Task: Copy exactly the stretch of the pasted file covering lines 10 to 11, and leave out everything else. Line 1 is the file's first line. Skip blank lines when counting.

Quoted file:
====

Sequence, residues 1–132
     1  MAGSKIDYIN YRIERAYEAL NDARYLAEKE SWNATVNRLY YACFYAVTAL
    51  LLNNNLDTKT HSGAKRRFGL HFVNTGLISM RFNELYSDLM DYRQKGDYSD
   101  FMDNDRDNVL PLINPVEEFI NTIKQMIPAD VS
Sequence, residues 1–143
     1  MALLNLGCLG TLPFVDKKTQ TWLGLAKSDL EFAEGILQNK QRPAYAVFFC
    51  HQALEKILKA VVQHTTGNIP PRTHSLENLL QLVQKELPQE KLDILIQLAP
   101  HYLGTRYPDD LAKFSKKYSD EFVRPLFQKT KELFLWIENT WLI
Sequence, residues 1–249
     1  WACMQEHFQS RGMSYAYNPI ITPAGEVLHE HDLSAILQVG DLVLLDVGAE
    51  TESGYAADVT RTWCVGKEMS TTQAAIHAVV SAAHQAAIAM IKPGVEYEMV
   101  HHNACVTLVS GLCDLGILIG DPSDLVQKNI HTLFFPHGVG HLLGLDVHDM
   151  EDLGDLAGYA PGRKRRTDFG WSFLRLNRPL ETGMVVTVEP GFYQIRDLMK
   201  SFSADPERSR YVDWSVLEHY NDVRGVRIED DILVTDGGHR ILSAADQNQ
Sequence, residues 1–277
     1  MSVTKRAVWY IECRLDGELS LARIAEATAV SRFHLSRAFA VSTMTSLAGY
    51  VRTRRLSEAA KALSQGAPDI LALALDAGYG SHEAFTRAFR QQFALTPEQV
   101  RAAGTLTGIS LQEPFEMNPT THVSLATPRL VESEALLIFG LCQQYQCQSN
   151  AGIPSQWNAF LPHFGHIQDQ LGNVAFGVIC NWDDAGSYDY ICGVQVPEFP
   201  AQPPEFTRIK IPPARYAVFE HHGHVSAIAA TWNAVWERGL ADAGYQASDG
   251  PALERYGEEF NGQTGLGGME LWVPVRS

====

     1  WACMQEHFQS RGMSYAYNPI ITPAGEVLHE HDLSAILQVG DLVLLDVGAE
    51  TESGYAADVT RTWCVGKEMS TTQAAIHAVV SAAHQAAIAM IKPGVEYEMV